How FMPS could provide better return than bank F. D.? In order to give assured returns, FMPs opt for very secure investment options like AAA rated corporate bonds whose maturity tenure matches the maturity tenure of FMP It is however a myth that there is no risk in FMP. Despite their claims of being one of the safest investment options around, FMPs do have their own share of risks. A few of them are as under:

Those FMPs offering higher yield can afford to do so by investing in risky investment options. This has been evident in 2008, when these funds faced liquidity crisis due to their exposure to real estate and finance companies. . In the recent times, some of the FMPs started investing in commercial paper from real estate and finance companies, in order to give higher returns to their investors. When the finance and realty companies landed in trouble during the recent economic downturn, their offerings also lost value Investors pulled out in panic. With the investors pulling out their investments from these FMPS, the funds were forced to offload their investments in the illiquid markets, thereby causing liquidity crisis. But ultimately investors who stayed invested did not loose at the end of the period and go almost assured returns. The actual yield will depend on the yield on the debt instruments at the time of actually investing your money. In reality the FMPs offer safety of their capital, but they do not offer protection against interest rate risk. As the interest rate rises, the value of the bonds goes down. This sometime can affect the returns of the fund.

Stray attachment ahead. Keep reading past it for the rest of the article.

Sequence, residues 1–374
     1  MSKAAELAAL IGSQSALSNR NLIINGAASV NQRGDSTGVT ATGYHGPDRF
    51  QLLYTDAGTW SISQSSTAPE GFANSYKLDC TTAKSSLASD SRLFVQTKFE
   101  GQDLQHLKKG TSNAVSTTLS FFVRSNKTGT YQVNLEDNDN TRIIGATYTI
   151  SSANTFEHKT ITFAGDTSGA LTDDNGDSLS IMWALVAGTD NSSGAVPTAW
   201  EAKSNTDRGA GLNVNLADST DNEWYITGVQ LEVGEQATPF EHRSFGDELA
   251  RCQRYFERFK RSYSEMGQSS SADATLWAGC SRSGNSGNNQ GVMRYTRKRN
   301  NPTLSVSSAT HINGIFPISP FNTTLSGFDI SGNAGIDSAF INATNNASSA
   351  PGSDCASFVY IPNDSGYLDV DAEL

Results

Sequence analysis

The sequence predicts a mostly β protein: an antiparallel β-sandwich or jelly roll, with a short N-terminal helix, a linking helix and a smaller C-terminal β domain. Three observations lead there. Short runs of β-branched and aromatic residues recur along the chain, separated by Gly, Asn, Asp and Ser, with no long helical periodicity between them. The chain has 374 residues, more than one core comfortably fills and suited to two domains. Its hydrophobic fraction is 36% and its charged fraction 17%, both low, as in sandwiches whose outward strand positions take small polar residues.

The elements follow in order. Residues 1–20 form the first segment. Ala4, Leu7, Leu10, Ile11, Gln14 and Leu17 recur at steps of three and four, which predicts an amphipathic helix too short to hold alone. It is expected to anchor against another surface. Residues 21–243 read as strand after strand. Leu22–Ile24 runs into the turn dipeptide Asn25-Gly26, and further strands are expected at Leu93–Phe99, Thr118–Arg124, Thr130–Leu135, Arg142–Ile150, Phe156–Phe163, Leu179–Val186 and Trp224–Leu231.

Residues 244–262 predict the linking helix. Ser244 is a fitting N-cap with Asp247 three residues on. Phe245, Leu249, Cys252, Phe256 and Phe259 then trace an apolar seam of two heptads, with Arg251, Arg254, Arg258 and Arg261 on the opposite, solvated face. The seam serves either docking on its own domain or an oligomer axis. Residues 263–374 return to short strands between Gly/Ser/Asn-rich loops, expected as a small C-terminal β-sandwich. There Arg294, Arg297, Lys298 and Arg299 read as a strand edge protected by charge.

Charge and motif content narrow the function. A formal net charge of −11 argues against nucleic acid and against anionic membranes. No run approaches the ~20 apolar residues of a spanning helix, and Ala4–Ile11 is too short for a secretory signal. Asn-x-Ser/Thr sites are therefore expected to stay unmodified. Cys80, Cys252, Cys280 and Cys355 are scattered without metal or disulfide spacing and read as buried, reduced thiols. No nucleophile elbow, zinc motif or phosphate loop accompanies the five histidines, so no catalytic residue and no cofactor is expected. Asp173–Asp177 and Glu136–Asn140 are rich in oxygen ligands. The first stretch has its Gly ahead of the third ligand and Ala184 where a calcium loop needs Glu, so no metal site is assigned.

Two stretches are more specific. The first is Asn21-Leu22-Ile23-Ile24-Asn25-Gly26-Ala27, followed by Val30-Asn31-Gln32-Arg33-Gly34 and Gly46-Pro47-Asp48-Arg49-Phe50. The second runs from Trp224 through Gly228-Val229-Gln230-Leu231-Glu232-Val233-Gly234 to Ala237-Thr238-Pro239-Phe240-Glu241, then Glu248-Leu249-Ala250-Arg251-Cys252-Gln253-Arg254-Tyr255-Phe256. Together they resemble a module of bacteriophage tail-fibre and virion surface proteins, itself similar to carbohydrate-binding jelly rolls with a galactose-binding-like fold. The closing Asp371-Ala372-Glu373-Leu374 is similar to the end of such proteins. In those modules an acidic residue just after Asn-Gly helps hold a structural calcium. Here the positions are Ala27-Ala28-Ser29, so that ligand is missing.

What precaution investors should take while opting for FMPS. To get the best out of FMP certain precaution should be taken. Always check the indicative portfolio of the funds. In case you find any non AAA security avoid the particular FMPs. The assured yields are on the indicative yield as the actual return indicative and suggestive and should not confuse with guarantee. Sometime there are wide gap between yield shown while launching and actual yield at the time maturity. Sometime it is more but sometime it can lower.

The golden rule is to stick to the maturity period of the plan. Don’t withdraw half way through as it will force the fund manager to redeem investments at any available price, thereby causing losses to you as well as other investors. The FMPs are good investment for risk adverse people of middle age group. But do not put all the eggs in one basket. You can invest 10% of the total investment in fixed maturity plan and earn better returning compared with the Fixed Deposit of Bank. But for persons who don't come under income tax ambit fixed deposit of bank at the rate of 10.5% are more paying than FMP now. It would be for individual persons to choose what suits them best.